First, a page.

Amateur not so amateur

Ryland Staples | Staff Writer

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Screenshot from Netflix taken by Ryland Staples

Amateur, a new Netflix original film, takes a look at the lives of extraordinary high school basketball talents in the United States. It explores and explains how everything isn’t always what it seems when it comes to the talent pool of prospects.

 

The main character of the movie is Terron Forte (played by Michael Rainey Jr.), an eighth-grader who started in the public school system but already plays for the local high school team. Forte is a star there. He makes everything look easy against opponents. His encounters with opponents include fancy dribble combinations, flashy passes and amazing shooting. Forte is the unopposed star. However, his home life isn’t the best.

 

His mother is a night school teacher, and his father falls in and out of employment. His father deals with constant headaches and chronic pain all over his body due to his past career as an NFL player. His dad is an integral part of his life. He is his self-proclaimed manager, meaning that he records Terron’s highlights and uploads them to the internet.

 

When Terron gets home and does his math homework, he struggles with it on a daily basis. He suffers from a rare form of dyslexia that makes it almost impossible for him to be able to read numbers. Later in the movie, it even affects him on the court. Forte isn’t able to read the scoreboard/shot clock.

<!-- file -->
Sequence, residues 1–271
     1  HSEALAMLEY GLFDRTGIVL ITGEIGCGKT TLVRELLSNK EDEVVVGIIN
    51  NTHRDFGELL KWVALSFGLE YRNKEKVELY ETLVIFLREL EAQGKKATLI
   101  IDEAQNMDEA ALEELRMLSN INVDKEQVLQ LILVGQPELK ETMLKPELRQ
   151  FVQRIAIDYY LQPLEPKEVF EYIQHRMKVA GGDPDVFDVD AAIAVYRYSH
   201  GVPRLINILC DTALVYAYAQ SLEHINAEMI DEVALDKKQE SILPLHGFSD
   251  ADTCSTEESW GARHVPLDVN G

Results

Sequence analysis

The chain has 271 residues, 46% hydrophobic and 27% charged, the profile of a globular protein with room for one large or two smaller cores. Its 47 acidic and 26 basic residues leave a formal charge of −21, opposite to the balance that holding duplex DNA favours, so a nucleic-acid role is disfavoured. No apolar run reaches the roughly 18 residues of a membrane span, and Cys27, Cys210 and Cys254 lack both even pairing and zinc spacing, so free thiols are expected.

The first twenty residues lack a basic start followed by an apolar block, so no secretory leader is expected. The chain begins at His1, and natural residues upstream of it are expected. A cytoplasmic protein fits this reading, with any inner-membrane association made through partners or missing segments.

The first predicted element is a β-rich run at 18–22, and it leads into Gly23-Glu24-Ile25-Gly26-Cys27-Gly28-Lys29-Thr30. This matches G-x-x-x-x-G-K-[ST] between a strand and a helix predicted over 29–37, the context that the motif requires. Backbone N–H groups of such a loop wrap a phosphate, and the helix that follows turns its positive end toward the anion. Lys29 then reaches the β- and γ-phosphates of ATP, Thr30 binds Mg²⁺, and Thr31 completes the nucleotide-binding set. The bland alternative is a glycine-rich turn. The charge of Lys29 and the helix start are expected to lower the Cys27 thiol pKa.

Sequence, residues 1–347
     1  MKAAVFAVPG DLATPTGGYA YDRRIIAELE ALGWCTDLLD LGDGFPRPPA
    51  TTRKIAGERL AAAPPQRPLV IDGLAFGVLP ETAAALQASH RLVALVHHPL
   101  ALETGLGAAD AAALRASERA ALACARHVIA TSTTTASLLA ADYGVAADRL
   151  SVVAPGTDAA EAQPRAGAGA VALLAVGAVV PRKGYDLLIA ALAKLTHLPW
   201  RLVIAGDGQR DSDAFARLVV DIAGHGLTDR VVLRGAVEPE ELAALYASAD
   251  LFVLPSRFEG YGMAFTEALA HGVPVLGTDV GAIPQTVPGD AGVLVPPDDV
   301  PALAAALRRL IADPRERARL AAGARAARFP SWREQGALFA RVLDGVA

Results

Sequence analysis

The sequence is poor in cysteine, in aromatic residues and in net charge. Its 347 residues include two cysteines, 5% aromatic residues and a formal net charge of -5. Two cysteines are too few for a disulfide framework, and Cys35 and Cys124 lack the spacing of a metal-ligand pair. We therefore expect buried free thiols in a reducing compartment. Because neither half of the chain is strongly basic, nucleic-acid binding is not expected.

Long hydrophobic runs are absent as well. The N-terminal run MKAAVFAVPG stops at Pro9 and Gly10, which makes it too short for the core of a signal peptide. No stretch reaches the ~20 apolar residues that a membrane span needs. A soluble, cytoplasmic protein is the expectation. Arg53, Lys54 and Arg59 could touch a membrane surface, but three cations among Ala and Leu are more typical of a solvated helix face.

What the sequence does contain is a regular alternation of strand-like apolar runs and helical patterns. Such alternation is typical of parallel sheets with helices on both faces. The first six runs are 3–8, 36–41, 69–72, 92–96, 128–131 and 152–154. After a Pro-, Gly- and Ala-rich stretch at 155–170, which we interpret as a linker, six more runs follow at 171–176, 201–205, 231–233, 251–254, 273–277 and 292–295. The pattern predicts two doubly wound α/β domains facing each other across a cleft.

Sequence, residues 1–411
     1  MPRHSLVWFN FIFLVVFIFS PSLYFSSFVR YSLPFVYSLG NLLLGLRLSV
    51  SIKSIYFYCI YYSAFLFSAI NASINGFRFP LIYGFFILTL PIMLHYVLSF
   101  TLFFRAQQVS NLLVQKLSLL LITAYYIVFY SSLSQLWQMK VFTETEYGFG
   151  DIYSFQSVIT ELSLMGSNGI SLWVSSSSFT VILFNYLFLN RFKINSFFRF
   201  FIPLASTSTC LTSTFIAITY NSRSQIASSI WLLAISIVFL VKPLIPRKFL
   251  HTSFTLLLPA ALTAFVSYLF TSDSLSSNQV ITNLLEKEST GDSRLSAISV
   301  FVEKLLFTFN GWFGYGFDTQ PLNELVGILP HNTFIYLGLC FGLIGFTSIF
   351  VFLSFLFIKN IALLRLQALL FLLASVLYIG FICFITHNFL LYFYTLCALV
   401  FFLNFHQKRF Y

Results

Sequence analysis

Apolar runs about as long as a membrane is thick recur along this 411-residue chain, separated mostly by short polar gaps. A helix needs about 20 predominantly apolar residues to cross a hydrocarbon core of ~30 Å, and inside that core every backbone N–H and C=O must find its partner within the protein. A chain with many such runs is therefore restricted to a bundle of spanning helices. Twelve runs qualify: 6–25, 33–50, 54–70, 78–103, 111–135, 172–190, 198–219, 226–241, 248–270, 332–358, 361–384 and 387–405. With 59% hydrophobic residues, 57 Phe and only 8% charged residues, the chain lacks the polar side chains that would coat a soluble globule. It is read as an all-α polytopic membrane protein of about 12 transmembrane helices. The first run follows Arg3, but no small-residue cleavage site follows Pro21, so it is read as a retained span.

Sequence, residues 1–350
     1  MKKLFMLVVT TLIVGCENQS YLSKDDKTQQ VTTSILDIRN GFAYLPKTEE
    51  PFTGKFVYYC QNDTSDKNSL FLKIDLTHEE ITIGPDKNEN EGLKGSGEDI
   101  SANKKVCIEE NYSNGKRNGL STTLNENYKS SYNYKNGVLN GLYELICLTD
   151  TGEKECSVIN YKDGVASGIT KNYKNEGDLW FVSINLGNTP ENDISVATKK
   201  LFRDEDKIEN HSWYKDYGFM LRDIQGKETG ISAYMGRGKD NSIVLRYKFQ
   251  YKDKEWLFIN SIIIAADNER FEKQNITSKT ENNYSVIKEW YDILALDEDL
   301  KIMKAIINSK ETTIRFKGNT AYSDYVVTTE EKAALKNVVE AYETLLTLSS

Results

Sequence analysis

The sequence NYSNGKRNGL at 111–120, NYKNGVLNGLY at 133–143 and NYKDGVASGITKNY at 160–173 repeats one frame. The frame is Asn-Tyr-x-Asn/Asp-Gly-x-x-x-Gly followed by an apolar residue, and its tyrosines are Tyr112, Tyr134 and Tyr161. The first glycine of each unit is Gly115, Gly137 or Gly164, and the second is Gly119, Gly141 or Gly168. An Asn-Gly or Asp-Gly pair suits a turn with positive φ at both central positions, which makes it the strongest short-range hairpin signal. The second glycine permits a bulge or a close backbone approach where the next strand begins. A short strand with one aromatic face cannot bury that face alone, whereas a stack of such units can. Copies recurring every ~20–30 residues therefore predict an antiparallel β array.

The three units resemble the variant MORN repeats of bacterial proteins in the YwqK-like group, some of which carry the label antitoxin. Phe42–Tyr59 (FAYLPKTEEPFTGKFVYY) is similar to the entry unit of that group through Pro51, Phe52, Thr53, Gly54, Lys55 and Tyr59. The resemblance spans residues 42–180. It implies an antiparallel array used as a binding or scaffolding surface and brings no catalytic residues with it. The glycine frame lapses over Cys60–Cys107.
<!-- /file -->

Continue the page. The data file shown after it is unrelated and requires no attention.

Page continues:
Terron Forte is offered a full-ride scholarship to play on one of the top high school teams in the country. His mother is concerned that he’s still in eighth grade and will be attending high school, so he ends up commuting to a nearby middle school. At this point in the movie, he’s ready to play and be taken seriously as a national prospect. When he arrives, he moves in with the team.

 

As expected, he isn’t treated with the utmost respect. He has to deal with the common jeers of “You don’t belong here” and “Who let the middle schooler on the team?” He has to carry the older players’ bags, and he doesn’t get the opportunity to play as much as he did while he was in the public school system. School isn’t the same either; he rarely goes to any of his classes.

 

This mirrors what’s happening in today’s amateur basketball landscape. There is an increasing number of players who feel there’s no point in pursuing an education, and many college players decide to only play for a year and go to the NBA. With this in mind, they only attend class for the first semester so they’re able to stay eligible to play in the second semester.

 

Amateur is a movie to which many student-athletes can relate. Check it out on Netflix to see how Forte’s future plays out.

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